• Veronica Cline Barton

Finding Your Book Characters from Within—What (or Who) Will Inspire Your Next Character? Will

When I write, I find the character creation process one of the more fun, and sometimes frustrating, processes there is when developing a storyline. It’s a little like giving birth—your ideas take seed, develops as you add attributes, quirks, mannerisms, voice, behaviors…the list goes on and on. Developing a character is much more than a physical description, you need to add the unique descriptors that are going to make a character come alive, jumping off the page and into the readers mind.

So where do you get your character inspiration from? I’ve been lucky to have met many, many people while working and traveling. When I meet someone, there’s always a characteristic that keeps them in my memory— a laugh, a twinkle in their eye, how they shake your hand, how they walk, a sadness in their speech—there’s always something unique. I try and archive these traits, not the actual person per se. I want to use the traits I think will make my characters unique and vibrant, pulling out the best and worst traits and incorporating them into one. Every character has to have some flaws to make them believable, as no one is perfect.

How do you decide what makes a character good or evil? That’s a tough one for me. I don’t believe there are pure evil beings. I think people are shaped by their upbringing, their surroundings, and how they were taught to interact with others. I keep this in mind as I nurture my characters in development. What happened to this character as a child that makes them so shy and timid as an adult? Were they constantly criticized and humiliated, or bullied? What is going to trigger this character to break out of his or her shell? Once he or she breaks out, will they grow and blossom into the beautiful beings they always were, or will a darkness win, seeking a revenge for a long lost hurt?

How will your character react in a crisis? What causes one character to be brave and strong while another crumbles? Just like in real life, you never know who the heroes will be until adversity strikes. Someone striding around with a lot of bravado may in fact be the first person to run or hide, caring only for him or her self, doing nothing to help others. I’ve met plenty of these types—they talk a big game, but in the end, wither and fade. Bullies tend to be such a simple character to create, because they have no depth or soul, only cowardice. As a writer, I have to decide if the bullies get redeemed in the story, and if redeemed, determine the one or two attributes or events that will cause them to grow a soul. Unfortunately, not many bullies get saved, it takes true grit to grow a soul.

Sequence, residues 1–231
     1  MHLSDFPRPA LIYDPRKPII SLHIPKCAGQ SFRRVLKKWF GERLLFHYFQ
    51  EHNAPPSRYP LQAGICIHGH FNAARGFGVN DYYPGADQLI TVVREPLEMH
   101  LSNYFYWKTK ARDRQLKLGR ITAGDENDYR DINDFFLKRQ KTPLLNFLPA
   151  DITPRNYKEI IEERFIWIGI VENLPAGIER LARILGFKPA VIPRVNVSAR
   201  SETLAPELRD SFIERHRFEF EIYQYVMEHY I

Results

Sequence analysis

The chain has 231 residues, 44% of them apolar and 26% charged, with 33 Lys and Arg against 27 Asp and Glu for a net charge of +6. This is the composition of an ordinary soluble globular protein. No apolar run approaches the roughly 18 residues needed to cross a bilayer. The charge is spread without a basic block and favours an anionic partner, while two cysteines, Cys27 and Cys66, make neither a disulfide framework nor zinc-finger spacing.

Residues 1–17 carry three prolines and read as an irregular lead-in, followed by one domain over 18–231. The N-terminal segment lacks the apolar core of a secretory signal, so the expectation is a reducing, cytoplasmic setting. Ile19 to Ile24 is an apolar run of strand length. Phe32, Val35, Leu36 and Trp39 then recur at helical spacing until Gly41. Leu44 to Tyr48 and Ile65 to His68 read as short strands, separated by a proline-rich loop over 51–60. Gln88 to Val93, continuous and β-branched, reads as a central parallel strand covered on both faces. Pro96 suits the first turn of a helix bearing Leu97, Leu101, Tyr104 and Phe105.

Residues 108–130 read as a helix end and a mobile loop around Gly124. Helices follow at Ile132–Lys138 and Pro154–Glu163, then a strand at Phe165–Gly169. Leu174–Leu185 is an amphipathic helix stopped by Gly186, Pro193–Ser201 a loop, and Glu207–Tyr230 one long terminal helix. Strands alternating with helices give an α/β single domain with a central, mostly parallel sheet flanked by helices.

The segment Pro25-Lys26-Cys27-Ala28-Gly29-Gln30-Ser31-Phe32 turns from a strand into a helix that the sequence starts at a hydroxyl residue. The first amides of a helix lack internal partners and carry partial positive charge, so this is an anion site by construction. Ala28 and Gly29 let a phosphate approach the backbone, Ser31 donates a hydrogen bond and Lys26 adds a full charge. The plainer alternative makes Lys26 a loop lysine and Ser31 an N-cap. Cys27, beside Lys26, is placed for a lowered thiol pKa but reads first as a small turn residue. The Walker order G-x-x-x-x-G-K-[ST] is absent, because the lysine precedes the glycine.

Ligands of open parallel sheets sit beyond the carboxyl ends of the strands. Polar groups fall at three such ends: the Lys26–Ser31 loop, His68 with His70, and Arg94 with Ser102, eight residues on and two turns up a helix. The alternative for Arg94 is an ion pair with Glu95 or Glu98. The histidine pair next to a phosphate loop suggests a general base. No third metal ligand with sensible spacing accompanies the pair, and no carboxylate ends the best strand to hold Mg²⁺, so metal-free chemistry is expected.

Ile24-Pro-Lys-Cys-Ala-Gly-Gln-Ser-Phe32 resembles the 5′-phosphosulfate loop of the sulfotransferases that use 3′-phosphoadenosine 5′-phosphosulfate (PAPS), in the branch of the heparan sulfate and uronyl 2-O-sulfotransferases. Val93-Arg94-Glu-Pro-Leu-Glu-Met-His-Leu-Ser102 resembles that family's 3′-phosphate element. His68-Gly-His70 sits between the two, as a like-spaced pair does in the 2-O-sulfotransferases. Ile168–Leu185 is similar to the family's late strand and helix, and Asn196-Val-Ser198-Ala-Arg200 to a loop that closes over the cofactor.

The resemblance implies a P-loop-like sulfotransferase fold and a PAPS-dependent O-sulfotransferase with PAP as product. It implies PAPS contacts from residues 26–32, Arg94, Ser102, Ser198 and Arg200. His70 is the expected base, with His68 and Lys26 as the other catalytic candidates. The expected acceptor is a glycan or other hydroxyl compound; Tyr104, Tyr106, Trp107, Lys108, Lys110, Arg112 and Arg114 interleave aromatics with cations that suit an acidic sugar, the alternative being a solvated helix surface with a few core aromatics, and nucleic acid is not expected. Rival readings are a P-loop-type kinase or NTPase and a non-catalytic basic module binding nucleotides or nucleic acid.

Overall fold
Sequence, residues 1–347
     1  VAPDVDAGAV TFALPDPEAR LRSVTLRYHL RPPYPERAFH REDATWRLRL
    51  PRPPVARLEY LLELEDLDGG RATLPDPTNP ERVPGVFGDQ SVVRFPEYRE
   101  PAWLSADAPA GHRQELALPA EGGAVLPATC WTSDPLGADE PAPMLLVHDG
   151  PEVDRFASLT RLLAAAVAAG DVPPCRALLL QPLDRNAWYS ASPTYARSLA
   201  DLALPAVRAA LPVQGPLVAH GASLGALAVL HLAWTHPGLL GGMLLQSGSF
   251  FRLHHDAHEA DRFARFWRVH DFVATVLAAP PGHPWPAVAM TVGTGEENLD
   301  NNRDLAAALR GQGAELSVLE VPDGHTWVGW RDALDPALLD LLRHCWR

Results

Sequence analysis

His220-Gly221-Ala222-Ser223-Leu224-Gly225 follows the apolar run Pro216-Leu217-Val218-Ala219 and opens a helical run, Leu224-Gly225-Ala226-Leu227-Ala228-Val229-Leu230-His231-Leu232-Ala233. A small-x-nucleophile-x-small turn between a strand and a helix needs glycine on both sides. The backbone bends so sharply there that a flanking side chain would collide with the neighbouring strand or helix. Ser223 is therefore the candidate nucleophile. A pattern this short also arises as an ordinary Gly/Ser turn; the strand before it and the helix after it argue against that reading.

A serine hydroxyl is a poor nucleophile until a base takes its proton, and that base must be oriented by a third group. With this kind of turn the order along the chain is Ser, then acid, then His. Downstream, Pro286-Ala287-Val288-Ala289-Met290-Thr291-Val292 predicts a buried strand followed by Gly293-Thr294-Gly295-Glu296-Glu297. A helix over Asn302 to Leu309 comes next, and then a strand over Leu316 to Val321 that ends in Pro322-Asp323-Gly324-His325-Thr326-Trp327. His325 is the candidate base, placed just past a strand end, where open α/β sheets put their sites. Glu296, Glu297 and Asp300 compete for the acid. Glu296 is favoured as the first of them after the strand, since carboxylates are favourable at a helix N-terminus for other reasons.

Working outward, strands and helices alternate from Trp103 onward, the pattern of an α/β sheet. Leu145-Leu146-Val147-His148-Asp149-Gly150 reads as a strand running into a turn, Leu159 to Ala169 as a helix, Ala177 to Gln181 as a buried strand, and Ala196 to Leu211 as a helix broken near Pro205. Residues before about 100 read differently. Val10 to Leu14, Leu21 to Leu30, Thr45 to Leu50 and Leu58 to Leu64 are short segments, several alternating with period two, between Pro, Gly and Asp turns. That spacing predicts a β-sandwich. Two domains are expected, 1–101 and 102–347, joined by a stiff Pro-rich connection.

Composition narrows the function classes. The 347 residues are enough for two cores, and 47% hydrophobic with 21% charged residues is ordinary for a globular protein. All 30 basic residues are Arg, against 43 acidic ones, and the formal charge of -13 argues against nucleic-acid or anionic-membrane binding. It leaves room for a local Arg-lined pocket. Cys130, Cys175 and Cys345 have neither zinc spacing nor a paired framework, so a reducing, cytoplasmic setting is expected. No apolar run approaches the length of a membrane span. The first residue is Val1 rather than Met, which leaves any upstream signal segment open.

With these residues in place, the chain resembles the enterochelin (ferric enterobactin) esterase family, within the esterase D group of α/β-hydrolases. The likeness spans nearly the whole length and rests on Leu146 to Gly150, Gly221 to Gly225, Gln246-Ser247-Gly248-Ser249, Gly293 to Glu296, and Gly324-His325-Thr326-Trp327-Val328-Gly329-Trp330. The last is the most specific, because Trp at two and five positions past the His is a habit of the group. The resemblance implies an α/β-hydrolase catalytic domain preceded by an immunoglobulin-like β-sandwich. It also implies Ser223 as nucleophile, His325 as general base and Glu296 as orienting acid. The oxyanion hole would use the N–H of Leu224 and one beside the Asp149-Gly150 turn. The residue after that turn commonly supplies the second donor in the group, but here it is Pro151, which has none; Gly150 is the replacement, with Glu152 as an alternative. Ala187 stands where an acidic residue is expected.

I love the characters who are funny, laugh, and are always there to pitch in. It’s fun to be around these characters—they keep you on your toes, never missing a beat. They are the characters that bring humor into dire situations—inspiring the hero or heroine to take action and save them from the bad guys or circumstances. They often ask the questions that lead to clues or uncovers a façade. I try and keep plenty of these characters in my hip pocket as I write. To me, they are the spice that perk up a story, flavoring it just right.

What happens when a ‘good’ character goes bad? Just like real life, there are always people that seem so nice, are do-gooders, always there to help—and just as you thought you knew them, the inexplicable happens. The good guy turns bad. These characters to me are the more complex ones to develop. You use your writer magic to create someone that appears to be a friend, a trusted colleague, a family member—and just when you start to bond with them as a reader—wham! These characters turn out to be the villain, the saboteur, the back stabber.  These characters’ backstories should provide the clues as to who turns out to be friend or foe. Again, it may just be that one little happening that seems so innocuous, but in the end was a life game changer. Think about that the next time you give someone a smirk or ignore them…it could trigger a behavior you don’t want to experience!

I’ll keep collecting my bag of character attributes. You can bet that I’m noticing, and taking notes…a piece of you just might be a secret ingredient to my next character 🙂

Crowns and Kisses,

Veronica

P.S. Happy Friday everyone! I’ll be watching…

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